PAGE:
The Kamchatka brown bear (scientific name: Ursus arctos beringianus) is a subspecies of brown bears. They are native to the Kamchatka Peninsula in the Russian Far East, hence the name. They are also known as the “Far Eastern brown bear”. Here are 20 amazing Kamchatka brown bear facts.

1. They are huge

In the 18th century, the first Europeans to come to the Kamchatka peninsula were surprised by the huge sizes of brown bears (and also by their number).

Kamchatka brown bear is the biggest bear in Eurasia. They are actually almost as big as the Kodiak bear, one of the biggest bear species in the world (others being the polar bear).

Male Kamchatka brown bears can have a body length of 2.4 meters (7.9 feet) to 3 meters (9.8 feet) tall on hind legs, and a weight up to 650 kg (1,430 lb).

2. Kamchatka brown bears are omnivores

They eat both animals and plants. But, like pandas, they have the digestive system of carnivores, so they are classified as Carnivora, despite plants make up a large portion of their diet, with some estimates as high as 80-90%.

They eat whatever they find: Salmon and Arctic char (a cold-water fish related to salmon) are major sources of protein. They also eat pine nuts, blueberries, crowberries, cranberries, mountain ash, and other berries along with a wide range of vegetation.

They also hunt sea otters and also scavenge on the seals and whales which are washed up on the shoreline.

3. They are very close relatives of the Grizzly bears

Kamchatka brown bears are very close relatives of Grizzly bears. They are also thought to be the ancestors of the mighty Kodiak bear.

There were 2 possible independent bear migrations from Asia to America:

  1. The narrow-skulled bears from northern Siberia through central Alaska to the rest of the continent becoming Ursus arctos horribilis (the grizzly bear)
  2. A southern migration of broad-skulled bears from Kamchatka peninsula to the Alaskan peninsula becoming Ursus arctos middendorffi (the Kodiak bear).

4. They are solitary animals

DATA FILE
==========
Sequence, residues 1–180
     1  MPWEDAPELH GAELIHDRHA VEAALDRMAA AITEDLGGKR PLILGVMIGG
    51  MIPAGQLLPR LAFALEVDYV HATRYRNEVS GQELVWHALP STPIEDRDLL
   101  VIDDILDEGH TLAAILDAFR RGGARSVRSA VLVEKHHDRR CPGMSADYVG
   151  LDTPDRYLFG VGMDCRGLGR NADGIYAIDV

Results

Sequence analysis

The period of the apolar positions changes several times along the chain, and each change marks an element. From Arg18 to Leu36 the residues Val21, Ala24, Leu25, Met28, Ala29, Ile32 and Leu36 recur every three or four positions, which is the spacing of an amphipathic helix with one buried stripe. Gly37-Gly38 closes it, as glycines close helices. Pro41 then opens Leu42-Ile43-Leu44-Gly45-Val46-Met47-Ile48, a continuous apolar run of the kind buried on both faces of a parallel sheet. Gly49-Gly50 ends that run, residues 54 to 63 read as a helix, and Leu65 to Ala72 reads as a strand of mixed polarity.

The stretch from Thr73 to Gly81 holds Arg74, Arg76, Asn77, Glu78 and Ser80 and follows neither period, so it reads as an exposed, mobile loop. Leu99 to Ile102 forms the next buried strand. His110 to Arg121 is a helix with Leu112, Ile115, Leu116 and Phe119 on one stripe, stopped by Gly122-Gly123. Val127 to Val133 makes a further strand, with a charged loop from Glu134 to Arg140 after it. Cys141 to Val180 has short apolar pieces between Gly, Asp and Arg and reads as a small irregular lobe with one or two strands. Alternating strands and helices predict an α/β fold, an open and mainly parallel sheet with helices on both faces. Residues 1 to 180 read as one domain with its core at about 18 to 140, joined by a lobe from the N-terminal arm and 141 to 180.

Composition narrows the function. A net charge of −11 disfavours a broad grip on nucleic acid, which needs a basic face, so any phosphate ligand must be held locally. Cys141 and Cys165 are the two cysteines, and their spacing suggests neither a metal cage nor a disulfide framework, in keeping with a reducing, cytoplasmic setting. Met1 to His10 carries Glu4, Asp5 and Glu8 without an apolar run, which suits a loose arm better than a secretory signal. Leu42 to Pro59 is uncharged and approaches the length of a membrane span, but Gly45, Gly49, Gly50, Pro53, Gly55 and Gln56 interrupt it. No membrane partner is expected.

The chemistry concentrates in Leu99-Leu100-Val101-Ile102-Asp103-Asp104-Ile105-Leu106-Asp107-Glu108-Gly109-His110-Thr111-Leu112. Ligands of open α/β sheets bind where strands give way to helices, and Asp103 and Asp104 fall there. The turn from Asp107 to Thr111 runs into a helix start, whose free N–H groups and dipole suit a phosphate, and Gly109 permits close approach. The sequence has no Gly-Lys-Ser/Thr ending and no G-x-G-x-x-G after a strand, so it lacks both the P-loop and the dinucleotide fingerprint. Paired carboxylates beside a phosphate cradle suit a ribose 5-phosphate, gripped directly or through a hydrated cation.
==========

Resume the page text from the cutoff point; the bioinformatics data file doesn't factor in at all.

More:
They are generally solitary in nature, like other bears and predators. Except for mating and for mothers with cubs, they prefer being alone. But, they can create large, dense groups in areas that are rich in food.

5. They can live up to 50 years under human care

Their average lifespan is 20-30 years in the wild, but, in captivity, they can live up to 50 years.

A captive Kamchatka brown bear with her cub
A captive Kamchatka brown bear with her cub at Tierpark Hagenbeck, Germany. They live longer under human care. Photo by Dinkum – Own work, CC BY-SA 3.0, Link

6. Females can begin to reproduce at 4 years old

Female Kamchatka brown bears begin to reproduce as early as 4 years of age. The typical litter size is 3-4 cubs.

7. They can travel long distances

According to the Wildlife Conservation Society (WCS) research, Kamchatka brown bears maintain a home at least 12 km2 (4.63 sq mi). And this range can extend greatly: when salmon and other food sources are scarce, their home ranges can be as large as 1100 km2 (424.7 sq mi).

Data from GPS-collared bears showed that they can make movements of up to 65 km (40 miles) and cross Kamchatka’s central mountain range to access different salmon runs.

8. Their population is healthy and productive

Kamchatka brown bears are still numerous. Their population is estimated at 8,000-14,000 bears in an area about the size of California (see notes 1). In fact, the Kamchatka peninsula is home to the densest population of brown bears in the world.

There are threats, however: as a result of the growing human population, agricultural and countryside housing development, road construction, logging, mining, and recreation have increased the number of bear-human contacts in recent years.

Kamchatka brown bear
A Kamchatka brown bear near Dvuhyurtochnoe lake, a freshwater lake n the Ust-Kamchatka region of the Kamchatka Territory, Russia, Photo by Robert F. Tobler – Own work, CC BY-SA 4.0, Link. Taken on July 23rd, 2015.